After twenty years, VHT founder Steven Fryette is building his highly regarded amps under a new name: Fryette Amplification. The VHT trademark has been sold to AXL, which produces amplifiers bearing the VHT logo. Fryette continues to hold all the patents and designs, and will continue to make all of the VHT models currently in production. We spoke to him about what that change means, about what he’s gathered in his twenty years of designing and building amps, and about what we might expect from him next. The following is a portion of that conversation.

As somebody who’s been doing this a long time, do you take a different approach with each amp design, or are you following a pattern that you’ve established?

It’s always about the player and playing music, and what you hope to accomplish by playing music. That’s always my starting point. Even if I forget for a moment, eventually I’m forced back there because that’s the point where all the inspiration is drawn from. Music is a collective pursuit, everybody is involved in that, and borrows, and intermixes and adds. Some people, guys like David Torn come to mind, innovate. When you get an opportunity to interact with an innovator, very cool things happen. Generally, it’s a pretty collective conversation. So when you sit down and talk to players, you always have lots of common ground to work with.

Producing a piece of equipment or an instrument for an artist to use, on the other hand, is a problem-solving project. When you sit down and talk about music, you’ll talk about what you like, or somebody that you saw that was particularly good. As the conversation grows, you get into things that are common ground, and eventually you start getting into problems, like “I’m trying to do this,” or “I don’t have the technique to do that,” or “I heard something I haven’t figured out how to do.” When you get to that point in the conversation, these are the things that make you go, “Alright, how do I address that, or create something to solve that problem?”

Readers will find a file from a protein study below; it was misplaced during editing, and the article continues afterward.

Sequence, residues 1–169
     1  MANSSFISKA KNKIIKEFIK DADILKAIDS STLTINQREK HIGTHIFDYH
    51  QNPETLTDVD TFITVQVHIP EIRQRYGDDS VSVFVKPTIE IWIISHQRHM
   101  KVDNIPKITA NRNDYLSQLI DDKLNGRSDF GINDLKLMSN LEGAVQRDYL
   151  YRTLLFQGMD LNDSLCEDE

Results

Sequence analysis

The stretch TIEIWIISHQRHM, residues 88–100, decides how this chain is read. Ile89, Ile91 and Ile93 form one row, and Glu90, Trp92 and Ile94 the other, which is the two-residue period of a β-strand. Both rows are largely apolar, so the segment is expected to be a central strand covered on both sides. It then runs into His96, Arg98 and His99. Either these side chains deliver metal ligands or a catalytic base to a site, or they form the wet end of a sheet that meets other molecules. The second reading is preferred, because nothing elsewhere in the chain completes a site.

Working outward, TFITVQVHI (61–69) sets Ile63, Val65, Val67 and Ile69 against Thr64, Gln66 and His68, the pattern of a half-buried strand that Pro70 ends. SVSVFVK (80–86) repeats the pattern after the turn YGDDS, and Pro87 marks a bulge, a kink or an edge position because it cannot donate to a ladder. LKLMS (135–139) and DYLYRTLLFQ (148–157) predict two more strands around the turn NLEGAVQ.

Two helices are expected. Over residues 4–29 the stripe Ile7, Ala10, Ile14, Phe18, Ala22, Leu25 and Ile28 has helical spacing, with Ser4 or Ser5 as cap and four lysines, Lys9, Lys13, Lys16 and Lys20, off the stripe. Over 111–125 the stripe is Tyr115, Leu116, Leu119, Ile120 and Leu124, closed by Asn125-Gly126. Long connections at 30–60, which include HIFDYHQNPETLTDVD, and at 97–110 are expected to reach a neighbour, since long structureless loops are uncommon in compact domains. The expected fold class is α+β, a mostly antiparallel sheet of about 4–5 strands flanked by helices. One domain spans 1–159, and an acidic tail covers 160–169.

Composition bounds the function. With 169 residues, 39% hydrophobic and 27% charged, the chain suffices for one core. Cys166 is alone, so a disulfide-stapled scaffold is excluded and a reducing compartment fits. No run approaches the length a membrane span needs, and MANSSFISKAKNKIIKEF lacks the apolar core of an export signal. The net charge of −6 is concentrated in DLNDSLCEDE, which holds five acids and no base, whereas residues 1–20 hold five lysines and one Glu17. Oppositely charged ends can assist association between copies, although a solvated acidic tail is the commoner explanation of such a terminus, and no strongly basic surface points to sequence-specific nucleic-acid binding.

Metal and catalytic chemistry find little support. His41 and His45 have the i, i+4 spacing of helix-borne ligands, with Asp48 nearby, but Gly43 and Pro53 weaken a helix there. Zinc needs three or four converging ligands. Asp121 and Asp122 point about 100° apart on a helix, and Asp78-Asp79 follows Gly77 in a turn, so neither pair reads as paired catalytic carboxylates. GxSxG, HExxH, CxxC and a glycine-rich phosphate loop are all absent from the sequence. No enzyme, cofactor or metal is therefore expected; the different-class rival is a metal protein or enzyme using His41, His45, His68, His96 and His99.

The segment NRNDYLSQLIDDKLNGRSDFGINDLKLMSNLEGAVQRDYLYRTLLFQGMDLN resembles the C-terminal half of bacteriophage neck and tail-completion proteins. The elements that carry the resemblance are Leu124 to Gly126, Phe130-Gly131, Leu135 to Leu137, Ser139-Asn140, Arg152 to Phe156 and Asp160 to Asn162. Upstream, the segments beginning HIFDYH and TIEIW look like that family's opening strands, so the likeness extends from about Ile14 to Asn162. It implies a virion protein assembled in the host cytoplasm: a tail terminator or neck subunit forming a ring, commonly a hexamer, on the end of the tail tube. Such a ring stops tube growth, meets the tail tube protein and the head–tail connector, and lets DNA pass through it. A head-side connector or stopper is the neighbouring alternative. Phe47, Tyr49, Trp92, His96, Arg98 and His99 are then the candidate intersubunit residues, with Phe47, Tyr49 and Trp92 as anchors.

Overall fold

So the initial idea for a design really is about being presented with a particular challenge?


The amps you make are… well, worshipped…

[laughs] for lack of a better term?

Yeah… for their organic nature, for the way players can interact with them, and I’ve heard you spend a lot of time watching and listening to players using your amps. During the process of developing and refining, are you watching or listening for certain cues that let you know you’re on to something, in terms of the challenge you’re trying to solve?

In a way, there are two entirely different perspectives in there. One is just a technical perspective—engineering, selecting components and arranging how they’re going to fit together, making the idea work... that brute, engineering aspect. The other is just the being-in-the-moment sort of process. In reality, those two things don’t exist separately. They aren’t necessarily paid attention to equally, but they have to co-exist for the product to exist. I think the difference between one product and another has a lot to do with which perspective gets how much time applied to it—how much you are willing or able to go into that other zone.

And there’s no manual for that zone, no set of specifications to follow. It’s entirely intuitive and you just have to really love music and respect the people you work with to surrender yourself to that.

I do listen to players, and interact with them— jam with friends and artists… our key artists are also friends, so the artist relationship is more than just somebody who’s playing our gear. We’re inspired by the music they make; they’re inspired by the gear we produce. There’s a synergy there that gets the conversation going and creates the interest on their end to explore the gear more fully and to ask questions, and really get into it and learn how to get the most out of it. For us, too, to get inside their heads, and see how they’re doing it, how they’re solving their problems, and where they’re drawing their inspiration.

A case in point is Page Hamilton. He uses the Ultra-Lead almost exclusively, and I’m always amazed that he has the master volume turned down kind of low, and he uses it in half-power mode. But he has this big, huge, dynamic sound, and people have this idea that he’s blowing up the stage all the time. He came over here one day, and he started playing pretty quietly… just this little rhythmic riff, over and over again. It was really a small, little-sounding riff, but he kept playing it, and after about three or four minutes, it just got bigger. He didn’t really change anything so much—and he didn’t change any amp settings or guitar settings. The sound just got bigger, and bigger, until I was amazed—he had transformed from the regular guy coming in the front door into the Page Hamilton that people see on stage, and respect and strive to emulate… the whole vibe in the room changed, and that’s the creative interaction with the gear that turns into something that’s greater than the sum of the parts.

It’s hard to explain, but you have to really look at that and think, “There’s something going on here that is organic.” But not organic in the sense of the word when people say, “That’s a really organic-sounding amp.” That word can mean a lot of different things to different people. The organic I latch on when you use the word is the synergy between the player and their gear that happens as you warm up to it and get into it. It’s not about what circuit board, or a particular capacitor, or that sort of thing. It’s that there’s something in there that wakes up.